Whether the coronavirus pandemic lasts for two months or two years, the way that we live and work will be altered irrevocably
Supermarket shelves are stripped bare. Flights are grounded. Workers have been laid off; furloughed; transformed into primary school teachers. A Conservative government has nationalised the railways and is paying people not to work. And this is still only week two. In less than a fortnight, Britain has experienced the kind of social and political upheaval that normally only comes when you guillotine some royals, or storm a winter palace. But is this a brief moment of national solidarity, or a ‘new normal’?
That all depends on how long the coronavirus crisis lasts. Experts believe a vaccine for Covid-19 (the disease caused by the Sars-CoV-2 virus) is still at least 18 months away, which makes Donald Trump’s promises that the US will “reopen” in three weeks seem optimistic at best. In the UK, the more likely reality was laid out in a report by researchers at Imperial College London, which estimated that elements of the new normal – social distancing, self-isolation, rolling lockdowns – could last until September 2021. So what’s likely to happen as the coronavirus crisis continues?
The reality is, nobody knows. We have never faced something like Covid-19 before and though there are analogues in the way that countries adapt to traumas like war and famine, in the global west at least, this situation is unprecedented in the modern age. Already, the impact of the coronavirus crisis on everything from the economy to social interactions to the environment has been enormous.
Lansec cancels dividend and sets up £80m relief fund for customers. Segro still paying dividends as it received 71% of expected quarterly rent. BNP Paribas guarantees staff salaries for next three months. Cushman & Wakefield make redundancies and some of the other bigger firms to include LSH, JLL & Rapleys have put some of their employees on the Coronavirus Job Retention Scheme. We understand that Savills are still paying all staff, but for how long. JLL pays their employees 2019 bonuses however Rapleys holds these back.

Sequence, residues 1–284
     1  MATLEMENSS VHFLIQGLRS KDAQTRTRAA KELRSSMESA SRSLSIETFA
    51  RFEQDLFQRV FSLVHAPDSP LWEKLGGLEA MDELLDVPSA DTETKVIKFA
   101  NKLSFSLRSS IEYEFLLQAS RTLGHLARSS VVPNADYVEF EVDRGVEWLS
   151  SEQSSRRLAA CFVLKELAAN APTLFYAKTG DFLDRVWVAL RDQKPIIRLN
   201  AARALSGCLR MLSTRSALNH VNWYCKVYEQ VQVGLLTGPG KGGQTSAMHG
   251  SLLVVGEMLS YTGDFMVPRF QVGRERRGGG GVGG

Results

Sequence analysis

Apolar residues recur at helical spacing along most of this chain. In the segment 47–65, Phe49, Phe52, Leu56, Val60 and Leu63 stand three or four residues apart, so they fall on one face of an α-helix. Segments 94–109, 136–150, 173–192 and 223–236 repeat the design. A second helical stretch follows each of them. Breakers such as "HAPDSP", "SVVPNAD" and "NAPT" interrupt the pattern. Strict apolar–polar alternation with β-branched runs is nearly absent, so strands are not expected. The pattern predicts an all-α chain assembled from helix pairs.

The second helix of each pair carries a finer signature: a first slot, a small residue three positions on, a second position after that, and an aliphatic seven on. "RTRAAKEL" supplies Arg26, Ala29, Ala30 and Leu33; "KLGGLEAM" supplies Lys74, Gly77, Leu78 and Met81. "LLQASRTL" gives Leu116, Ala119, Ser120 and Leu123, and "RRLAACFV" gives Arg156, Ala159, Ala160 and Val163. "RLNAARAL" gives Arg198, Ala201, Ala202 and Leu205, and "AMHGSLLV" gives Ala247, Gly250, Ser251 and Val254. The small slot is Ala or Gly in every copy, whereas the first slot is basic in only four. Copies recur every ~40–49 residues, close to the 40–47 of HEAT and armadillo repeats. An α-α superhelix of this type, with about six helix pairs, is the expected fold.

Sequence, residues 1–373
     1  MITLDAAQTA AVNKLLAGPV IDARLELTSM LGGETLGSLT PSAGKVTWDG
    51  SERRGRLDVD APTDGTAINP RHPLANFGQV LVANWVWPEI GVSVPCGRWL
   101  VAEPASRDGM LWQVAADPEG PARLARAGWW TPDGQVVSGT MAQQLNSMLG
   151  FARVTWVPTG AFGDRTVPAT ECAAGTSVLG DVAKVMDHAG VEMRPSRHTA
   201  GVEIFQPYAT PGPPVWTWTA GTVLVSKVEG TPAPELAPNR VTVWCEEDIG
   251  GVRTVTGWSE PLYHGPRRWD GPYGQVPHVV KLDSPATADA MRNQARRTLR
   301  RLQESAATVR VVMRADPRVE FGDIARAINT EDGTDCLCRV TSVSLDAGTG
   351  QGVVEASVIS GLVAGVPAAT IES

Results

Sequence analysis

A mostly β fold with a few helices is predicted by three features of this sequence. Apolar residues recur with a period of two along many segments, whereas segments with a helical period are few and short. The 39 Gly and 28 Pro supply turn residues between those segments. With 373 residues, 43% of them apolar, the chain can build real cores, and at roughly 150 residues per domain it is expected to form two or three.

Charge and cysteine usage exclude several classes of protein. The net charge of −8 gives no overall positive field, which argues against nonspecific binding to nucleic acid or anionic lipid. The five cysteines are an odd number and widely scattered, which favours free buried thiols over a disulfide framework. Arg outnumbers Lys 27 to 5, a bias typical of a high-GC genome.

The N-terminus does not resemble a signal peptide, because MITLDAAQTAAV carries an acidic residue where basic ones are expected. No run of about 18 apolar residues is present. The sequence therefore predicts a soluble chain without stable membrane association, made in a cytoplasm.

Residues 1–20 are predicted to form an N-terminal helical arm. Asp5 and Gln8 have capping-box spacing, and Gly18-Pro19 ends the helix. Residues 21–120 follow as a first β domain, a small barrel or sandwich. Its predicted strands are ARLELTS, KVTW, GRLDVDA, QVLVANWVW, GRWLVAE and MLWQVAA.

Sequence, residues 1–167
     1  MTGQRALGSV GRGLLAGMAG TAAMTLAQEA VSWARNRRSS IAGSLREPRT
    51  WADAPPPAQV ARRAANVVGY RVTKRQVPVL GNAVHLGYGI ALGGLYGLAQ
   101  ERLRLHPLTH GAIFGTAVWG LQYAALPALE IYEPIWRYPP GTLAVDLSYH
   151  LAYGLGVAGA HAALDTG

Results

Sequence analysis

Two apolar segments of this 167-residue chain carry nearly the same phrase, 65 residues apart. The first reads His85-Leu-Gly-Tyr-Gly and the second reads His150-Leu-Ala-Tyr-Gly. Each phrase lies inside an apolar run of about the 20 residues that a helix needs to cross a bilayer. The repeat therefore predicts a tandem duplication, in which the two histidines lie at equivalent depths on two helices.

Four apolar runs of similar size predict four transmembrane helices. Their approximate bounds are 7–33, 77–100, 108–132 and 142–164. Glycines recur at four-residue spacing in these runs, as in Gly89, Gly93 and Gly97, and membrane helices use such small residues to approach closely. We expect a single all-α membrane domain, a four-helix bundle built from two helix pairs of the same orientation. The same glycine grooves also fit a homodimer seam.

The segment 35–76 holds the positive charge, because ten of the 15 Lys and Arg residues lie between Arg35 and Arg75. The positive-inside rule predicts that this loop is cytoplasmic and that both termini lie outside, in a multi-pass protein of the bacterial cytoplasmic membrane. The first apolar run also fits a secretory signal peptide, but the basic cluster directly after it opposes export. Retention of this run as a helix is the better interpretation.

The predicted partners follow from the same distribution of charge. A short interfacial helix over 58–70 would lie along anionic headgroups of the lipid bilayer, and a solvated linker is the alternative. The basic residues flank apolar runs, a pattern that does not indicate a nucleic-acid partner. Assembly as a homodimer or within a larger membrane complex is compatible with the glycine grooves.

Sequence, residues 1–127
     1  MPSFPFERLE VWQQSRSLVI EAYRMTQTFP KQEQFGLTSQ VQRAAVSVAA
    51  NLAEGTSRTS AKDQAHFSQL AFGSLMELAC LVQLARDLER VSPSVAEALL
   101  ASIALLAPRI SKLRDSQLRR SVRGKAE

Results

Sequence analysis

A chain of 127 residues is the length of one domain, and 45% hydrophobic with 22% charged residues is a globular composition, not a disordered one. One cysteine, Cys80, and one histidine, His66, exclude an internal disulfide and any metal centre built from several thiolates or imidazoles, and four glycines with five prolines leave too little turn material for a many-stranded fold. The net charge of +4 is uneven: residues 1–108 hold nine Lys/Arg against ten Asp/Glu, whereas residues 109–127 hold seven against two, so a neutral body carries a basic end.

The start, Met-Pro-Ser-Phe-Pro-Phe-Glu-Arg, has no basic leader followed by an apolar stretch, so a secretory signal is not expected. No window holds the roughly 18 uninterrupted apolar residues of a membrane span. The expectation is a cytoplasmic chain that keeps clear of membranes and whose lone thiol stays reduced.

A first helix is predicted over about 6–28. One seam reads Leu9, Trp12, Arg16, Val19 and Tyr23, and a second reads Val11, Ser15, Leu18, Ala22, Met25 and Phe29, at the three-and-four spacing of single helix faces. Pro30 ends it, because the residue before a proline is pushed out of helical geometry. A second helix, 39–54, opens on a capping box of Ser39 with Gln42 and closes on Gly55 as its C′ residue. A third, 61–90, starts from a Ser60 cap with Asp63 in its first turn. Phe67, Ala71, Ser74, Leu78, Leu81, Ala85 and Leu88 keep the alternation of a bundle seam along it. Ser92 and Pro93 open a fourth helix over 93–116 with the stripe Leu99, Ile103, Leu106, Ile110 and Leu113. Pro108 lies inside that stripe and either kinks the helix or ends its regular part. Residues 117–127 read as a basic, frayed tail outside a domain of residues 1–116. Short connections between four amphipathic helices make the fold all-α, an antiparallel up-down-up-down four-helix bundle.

However what about the million sole director/shareholder owner-managed limited companies in the UK who don’t qualify as self-employed individuals (although they will complete an income tax self assessment return)?
Typically, they take some remuneration through PAYE by way of salary, usually at a level just above the NIC threshold, with the remainder taken as dividends. So can these directors make use of the Coronavirus Job Retention Scheme? The simple answer is yes, but only to the value of their PAYE salary. Dividends are not included as part of the amount that can be claimed. The other key issue is that the director must stop working completely in the business to be eligible for the scheme. We understand that statutory duties can be carried out but no services or revenue-generating work.
Based on the information published so far by the government, set out below it is our understanding of some frequently asked questions. However, we should stress that we are awaiting further guidance and therefore our comments should be seen as provisional and may change.
You can claim a grant of up to 80% of your ‘regular wage’ or £2,500 (whichever is lower). This claim can be backdated to 1 March 2020. The scheme will last for at least three months.
The employers’ PAYE scheme must have been created and started by 28 February 2020 and you must also have a bank account in the UK. You must be on the payroll as at this date.
Yes, full-time and part-time directors on the payroll can claim.
ICAEW’s current understanding is that this should be acceptable.
If the director is still working, even for reduced hours or pay, they will not be able to claim via this scheme.
Your regular wage is the higher of the same month’s earnings from the previous year or the average monthly earnings from the 2019-20 tax year.
You might need to take legal advice on this, but as a minimum we suggest that the company writes a letter advising the director that they have been ‘furloughed’ and a copy of this should be kept on the file to support any claim. Again, we suggest you keep an eye on government websites in case this advice changes. Wages must continue to be paid (along with tax and NI) to directors at least until the portal is up and running to make the claim for the grant at a minimum of 80% of their regular wage or £2,500 per month.
As income subject to corporation tax.
For the latest news and guidance on the ongoing impact of COVID-19 for businesses and accountants, visit ICAEW’s dedicated coronavirus hub.